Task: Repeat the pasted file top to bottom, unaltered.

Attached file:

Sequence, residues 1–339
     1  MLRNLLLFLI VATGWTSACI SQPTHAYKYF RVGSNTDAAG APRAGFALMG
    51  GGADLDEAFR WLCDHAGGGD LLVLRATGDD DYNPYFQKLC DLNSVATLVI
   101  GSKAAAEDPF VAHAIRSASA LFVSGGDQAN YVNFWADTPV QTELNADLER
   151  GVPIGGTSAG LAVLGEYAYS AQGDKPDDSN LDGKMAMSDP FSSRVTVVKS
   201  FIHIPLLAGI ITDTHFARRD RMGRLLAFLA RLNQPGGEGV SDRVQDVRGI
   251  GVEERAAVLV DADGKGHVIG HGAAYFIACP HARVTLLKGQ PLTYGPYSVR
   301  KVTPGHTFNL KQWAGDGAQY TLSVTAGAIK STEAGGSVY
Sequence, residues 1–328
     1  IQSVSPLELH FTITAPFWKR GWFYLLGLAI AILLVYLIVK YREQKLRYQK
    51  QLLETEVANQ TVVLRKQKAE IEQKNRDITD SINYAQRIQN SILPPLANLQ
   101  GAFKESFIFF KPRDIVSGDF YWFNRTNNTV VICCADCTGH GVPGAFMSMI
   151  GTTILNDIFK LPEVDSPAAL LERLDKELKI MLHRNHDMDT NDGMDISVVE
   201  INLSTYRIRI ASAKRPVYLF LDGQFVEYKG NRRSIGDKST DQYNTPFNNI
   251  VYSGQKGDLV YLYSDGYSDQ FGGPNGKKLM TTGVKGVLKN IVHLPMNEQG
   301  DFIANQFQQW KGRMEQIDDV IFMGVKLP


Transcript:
Sequence, residues 1–339
     1  MLRNLLLFLI VATGWTSACI SQPTHAYKYF RVGSNTDAAG APRAGFALMG
    51  GGADLDEAFR WLCDHAGGGD LLVLRATGDD DYNPYFQKLC DLNSVATLVI
   101  GSKAAAEDPF VAHAIRSASA LFVSGGDQAN YVNFWADTPV QTELNADLER
   151  GVPIGGTSAG LAVLGEYAYS AQGDKPDDSN LDGKMAMSDP FSSRVTVVKS
   201  FIHIPLLAGI ITDTHFARRD RMGRLLAFLA RLNQPGGEGV SDRVQDVRGI
   251  GVEERAAVLV DADGKGHVIG HGAAYFIACP HARVTLLKGQ PLTYGPYSVR
   301  KVTPGHTFNL KQWAGDGAQY TLSVTAGAIK STEAGGSVY
Sequence, residues 1–328
     1  IQSVSPLELH FTITAPFWKR GWFYLLGLAI AILLVYLIVK YREQKLRYQK
    51  QLLETEVANQ TVVLRKQKAE IEQKNRDITD SINYAQRIQN SILPPLANLQ
   101  GAFKESFIFF KPRDIVSGDF YWFNRTNNTV VICCADCTGH GVPGAFMSMI
   151  GTTILNDIFK LPEVDSPAAL LERLDKELKI MLHRNHDMDT NDGMDISVVE
   201  INLSTYRIRI ASAKRPVYLF LDGQFVEYKG NRRSIGDKST DQYNTPFNNI
   251  VYSGQKGDLV YLYSDGYSDQ FGGPNGKKLM TTGVKGVLKN IVHLPMNEQG
   301  DFIANQFQQW KGRMEQIDDV IFMGVKLP